• Block Google Analytics.  Google Analytics is nefarious because it’s a true first party cookie that exists on people’s web sites that track you back to Google Analytics so even if you’re blocking Google cookies, this 1st party cookie from still allows Google to track you through redirection.   To stop this, you have to change your HOSTS file.  Add the following line to your Windows hosts file


  • If you’re at all interested in protecting your privacy, it’s absolutely imperative that you nuke tracking cookies early and often.  Use CCleaner from to clear out your cookie cache on every boot of your system.  Consider Advanced Tracks Eraser as well from which can clear your cache at timed intervals.
  • Consider trying G-Zapper from  This will help identify any other cookie-based methods that Google uses to track users.  For example, it blocks people from using Google Analytics.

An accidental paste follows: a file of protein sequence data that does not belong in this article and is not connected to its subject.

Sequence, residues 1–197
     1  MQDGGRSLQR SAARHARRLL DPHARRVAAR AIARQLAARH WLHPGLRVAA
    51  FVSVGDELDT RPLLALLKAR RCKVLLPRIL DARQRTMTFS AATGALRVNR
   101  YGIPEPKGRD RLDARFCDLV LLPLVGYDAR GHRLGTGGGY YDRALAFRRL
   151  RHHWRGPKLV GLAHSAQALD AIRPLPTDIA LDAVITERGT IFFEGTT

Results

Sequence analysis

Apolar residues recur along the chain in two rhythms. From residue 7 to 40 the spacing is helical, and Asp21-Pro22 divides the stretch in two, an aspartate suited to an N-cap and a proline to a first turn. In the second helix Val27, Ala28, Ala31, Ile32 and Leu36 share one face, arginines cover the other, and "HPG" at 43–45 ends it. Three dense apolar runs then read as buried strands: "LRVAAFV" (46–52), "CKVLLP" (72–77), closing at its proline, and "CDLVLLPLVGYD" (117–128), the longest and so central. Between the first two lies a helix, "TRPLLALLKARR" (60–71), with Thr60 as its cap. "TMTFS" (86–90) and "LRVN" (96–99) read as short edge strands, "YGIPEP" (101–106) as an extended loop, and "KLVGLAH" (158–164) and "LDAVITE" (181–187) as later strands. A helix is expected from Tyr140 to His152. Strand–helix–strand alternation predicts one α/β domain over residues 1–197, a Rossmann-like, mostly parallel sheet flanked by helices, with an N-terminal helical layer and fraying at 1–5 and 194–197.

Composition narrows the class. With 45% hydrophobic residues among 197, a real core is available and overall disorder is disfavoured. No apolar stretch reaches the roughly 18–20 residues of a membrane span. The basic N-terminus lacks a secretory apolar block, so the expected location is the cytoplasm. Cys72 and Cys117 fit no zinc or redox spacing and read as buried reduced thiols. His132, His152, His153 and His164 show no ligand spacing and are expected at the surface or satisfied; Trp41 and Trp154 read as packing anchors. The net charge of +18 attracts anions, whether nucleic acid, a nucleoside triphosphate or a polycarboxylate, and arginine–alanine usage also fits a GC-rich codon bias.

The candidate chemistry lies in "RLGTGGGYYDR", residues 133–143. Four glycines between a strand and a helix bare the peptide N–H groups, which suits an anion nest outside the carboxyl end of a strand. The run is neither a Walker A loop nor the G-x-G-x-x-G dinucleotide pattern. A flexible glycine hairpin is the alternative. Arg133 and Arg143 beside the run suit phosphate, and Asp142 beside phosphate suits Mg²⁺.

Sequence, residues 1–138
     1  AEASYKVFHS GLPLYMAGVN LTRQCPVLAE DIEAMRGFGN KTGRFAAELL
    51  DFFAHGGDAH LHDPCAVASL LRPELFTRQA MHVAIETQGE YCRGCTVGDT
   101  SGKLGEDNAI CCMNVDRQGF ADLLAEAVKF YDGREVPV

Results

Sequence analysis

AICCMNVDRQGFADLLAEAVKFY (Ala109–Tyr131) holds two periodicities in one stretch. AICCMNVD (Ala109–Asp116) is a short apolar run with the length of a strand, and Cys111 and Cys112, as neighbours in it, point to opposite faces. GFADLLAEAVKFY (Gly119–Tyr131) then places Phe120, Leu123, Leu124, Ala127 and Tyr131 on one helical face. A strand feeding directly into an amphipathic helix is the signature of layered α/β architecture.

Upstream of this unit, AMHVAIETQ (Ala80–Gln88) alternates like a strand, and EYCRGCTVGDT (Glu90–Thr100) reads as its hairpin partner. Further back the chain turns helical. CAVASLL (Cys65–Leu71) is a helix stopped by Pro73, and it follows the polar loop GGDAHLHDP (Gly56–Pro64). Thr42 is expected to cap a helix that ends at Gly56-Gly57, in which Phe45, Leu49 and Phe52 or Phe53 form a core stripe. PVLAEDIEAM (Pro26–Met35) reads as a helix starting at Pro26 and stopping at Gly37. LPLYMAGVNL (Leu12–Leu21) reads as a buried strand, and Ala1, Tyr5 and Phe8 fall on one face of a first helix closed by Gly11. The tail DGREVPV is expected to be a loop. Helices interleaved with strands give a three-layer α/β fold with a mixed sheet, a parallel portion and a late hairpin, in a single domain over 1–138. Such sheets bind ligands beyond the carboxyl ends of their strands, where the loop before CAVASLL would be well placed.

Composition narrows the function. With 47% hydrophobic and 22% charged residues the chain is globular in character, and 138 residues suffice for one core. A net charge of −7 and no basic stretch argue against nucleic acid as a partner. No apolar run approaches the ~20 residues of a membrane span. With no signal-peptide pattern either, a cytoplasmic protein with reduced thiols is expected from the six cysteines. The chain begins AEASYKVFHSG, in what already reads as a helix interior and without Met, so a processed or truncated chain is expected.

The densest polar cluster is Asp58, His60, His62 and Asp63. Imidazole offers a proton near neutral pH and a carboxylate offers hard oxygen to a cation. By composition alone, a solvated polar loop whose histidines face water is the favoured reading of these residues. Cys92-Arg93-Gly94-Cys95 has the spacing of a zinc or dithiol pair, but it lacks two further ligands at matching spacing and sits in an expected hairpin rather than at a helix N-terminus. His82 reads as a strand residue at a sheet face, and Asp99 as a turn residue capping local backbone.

The fact is that you’re being tracked regardless of whether you’re using a static IP address, you’re sitting behind a NAT, or your using an ISP/Cable Network provided DHCP-assigned IP address.

Huh?  Damn right.  Remember that subnets have a limited number of IP addresses and while you might be coming from an assigned IP address, if it’s DHCP, it’s likely leased and simply renewed everytime you visit.  And even if you are assigned a different IP address when you turn on the ol’ PC, it’s coming from what is likely a 256 count address space meaning that all that needs to happen is associate your searches with range of addresses.  Ultimately, reconciiling who you are based on 256 addresses is not that hard for computers to do.